When does Bad Pharma Become Good Pharma Publishing phase I studies

Savic RM, Novakovic AM, Ekblom M, Munafo A, Karlsson MO.
Population Pharmacokinetics of Cladribine in Patients with Multiple Sclerosis. Clin Pharmacokinet. 2017. doi: 10.1007/s40262-017-0516-6. [Epub ahead of print]

PURPOSE:The aims of this study were to characterize the concentration-time course of cladribine (CdA) and its main metabolite 2-chloroadenine (CAde), estimate interindividual variability in pharmacokinetics (PK), and identify covariates explaining variability in the PK of CdA.
METHODS:This population PK analysis was based on the combined dataset from four clinical studies in patients with multiple sclerosis (MS): three phase I studies, including one food and one drug-drug interaction study, and one phase III clinical study. Plasma and urine concentration data of CdA and CAde were modeled simultaneously.
RESULTS:The analysis comprised a total of 2619 CdA and CAde plasma and urine concentration observations from 173 patients with MS who received an intravenous infusion or oral tablet doses of CdA as a single agent or in combination with interferon (IFN) β-1a. CdA PK data were best described by a three-compartment model, while a one-compartment model best described the PK of CAde. CdA renal clearance (CLR) was correlated with creatinine clearance (CLCR), predicting a decrease in the total clearance of 19%, 30% and 40% for patients with mild (CLCR = 65 ml/min), moderate (CLCR = 40 ml/min) and severe (CLCR = 20 ml/min) renal impairment, respectively. Food decreased the extent of CdA absorption by 11.2% and caused an absorption delay. Coadministration with IFNβ-1a was found to increase non-CLR (CLNR) by 21%, resulting in an increase of 11% in total clearance.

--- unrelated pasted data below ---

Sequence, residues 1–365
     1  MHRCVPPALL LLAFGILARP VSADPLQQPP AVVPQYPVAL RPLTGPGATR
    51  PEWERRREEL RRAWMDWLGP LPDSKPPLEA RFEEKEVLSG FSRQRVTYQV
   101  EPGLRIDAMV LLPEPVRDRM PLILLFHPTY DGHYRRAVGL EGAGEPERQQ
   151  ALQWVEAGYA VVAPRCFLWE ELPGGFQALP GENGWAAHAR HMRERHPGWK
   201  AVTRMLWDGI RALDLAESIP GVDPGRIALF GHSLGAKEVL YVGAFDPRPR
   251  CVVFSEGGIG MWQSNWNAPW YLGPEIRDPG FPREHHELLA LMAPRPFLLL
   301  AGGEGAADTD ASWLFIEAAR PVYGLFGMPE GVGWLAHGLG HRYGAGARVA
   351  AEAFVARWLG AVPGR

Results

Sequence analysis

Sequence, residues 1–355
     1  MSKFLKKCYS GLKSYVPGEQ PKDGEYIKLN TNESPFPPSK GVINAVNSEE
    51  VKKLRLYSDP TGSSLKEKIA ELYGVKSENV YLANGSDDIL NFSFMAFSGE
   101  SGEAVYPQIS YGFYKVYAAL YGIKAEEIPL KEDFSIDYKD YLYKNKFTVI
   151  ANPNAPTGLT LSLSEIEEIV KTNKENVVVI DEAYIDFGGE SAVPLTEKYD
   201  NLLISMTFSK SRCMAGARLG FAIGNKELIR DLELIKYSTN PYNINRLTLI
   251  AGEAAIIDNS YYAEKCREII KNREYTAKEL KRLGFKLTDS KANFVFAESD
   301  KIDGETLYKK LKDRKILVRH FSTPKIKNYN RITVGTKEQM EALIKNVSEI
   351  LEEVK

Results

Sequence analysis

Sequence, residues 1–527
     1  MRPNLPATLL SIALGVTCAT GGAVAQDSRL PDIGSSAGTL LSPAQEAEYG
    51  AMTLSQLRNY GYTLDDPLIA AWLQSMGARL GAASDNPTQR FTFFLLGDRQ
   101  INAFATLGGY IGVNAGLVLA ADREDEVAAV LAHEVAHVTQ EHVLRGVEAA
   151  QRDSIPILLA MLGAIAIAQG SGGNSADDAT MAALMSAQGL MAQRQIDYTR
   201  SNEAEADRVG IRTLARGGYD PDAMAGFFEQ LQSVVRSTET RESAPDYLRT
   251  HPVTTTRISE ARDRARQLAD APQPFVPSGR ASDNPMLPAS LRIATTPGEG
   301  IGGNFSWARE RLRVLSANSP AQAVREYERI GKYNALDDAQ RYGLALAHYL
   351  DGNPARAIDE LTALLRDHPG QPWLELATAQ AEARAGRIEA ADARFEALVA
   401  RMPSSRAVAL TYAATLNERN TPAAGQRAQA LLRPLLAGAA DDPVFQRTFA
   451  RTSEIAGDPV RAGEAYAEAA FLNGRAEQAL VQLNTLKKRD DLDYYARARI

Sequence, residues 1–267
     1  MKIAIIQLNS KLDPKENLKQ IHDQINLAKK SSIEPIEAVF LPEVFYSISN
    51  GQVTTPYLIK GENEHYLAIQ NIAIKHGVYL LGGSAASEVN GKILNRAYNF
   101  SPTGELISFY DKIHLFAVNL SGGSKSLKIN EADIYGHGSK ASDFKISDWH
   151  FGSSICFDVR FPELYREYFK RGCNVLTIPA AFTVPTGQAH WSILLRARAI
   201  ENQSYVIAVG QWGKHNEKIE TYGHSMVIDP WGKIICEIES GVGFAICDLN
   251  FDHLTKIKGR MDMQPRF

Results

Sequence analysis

CONCLUSIONS:Both CdA and CAde displayed linear PK after intravenous and oral administration of CdA, with CdA renal function depending on CLCR. Trial registration number for study 25643: NCT00213135.

We have been complaining about Eli Lilly not releasing their data from a trial (please sign our petition).


But in reality Merck does not smell of roses. 

Furthermore, I have to say to ProfG....."Kettle and Black" Spring to mind too.


The CLARITY trial of oral cladribine was published in 2010 meaning the trial finished in about 2009 and only now data is beginning to surface.

The extension study of CLARITY was completed many years ago and abstrasts presented but where is the data? 

You may say that is not as bad as not reporting a trial at all...where's the Charcot Project? :-)
Anyway back to the bad boys and in his study we are not talking about hiding data for 6-7 years, we are more likely talking ten or more years.

The trials reported in this study are unlikely to be only NCT00213135, as that is a phase CLARITY phase III. This study also reports on the Phase I study and therefore likely have to been completed well before 2005 before CLARITY started.
However, because the marketing machinery is beginning to turn as Merck hope that the regulators see favourably on their new application to get oral cladribine licenced we are seeing old data surface. 

Only about 40% of oral cladribine reaches the blood, if you use generic subcutaneous caldribine 100% reaches the blood. This study reports what happens to cladribine, after it is injected

In the three-compartmental modeling, three compartments describe the fate of a drug once administered: the central compartment, which represents the plasma; the highly perfused compartment, which represents the organs and tissues highly perfused by the blood; and the scarcely perfused compartment, which represents the organs and tissues scarcely perfused by blood (e.g.bone or fat).

However, this does make a point about how you all publish trials? 

Phase I trials are safety studies and they are dull as dishwater if all goes well and are boring as boring can be. 

Yes, this is important safety data that people should be aware of but generally there is an investigators brochure, given to clinical people within the trial so they can see that would carry this information. 

But should this be published within a year of completion as suggested by Ben Goldarce.

Companies wait until it is to their advantage (e.g. for marketing purposes) or until they are no longer interested beforwe they publish...However, if the data show worsening perhaps that should be criminal bnot to report it instantly, as it is negligent. 

Do we publish all trials within one year... No in fact 

Hands up M'Lud...guilty as charged, we have yet to publish our phase I trial and it has been over a year...It is on its way, but it is so boring I have put it all in supplementary data.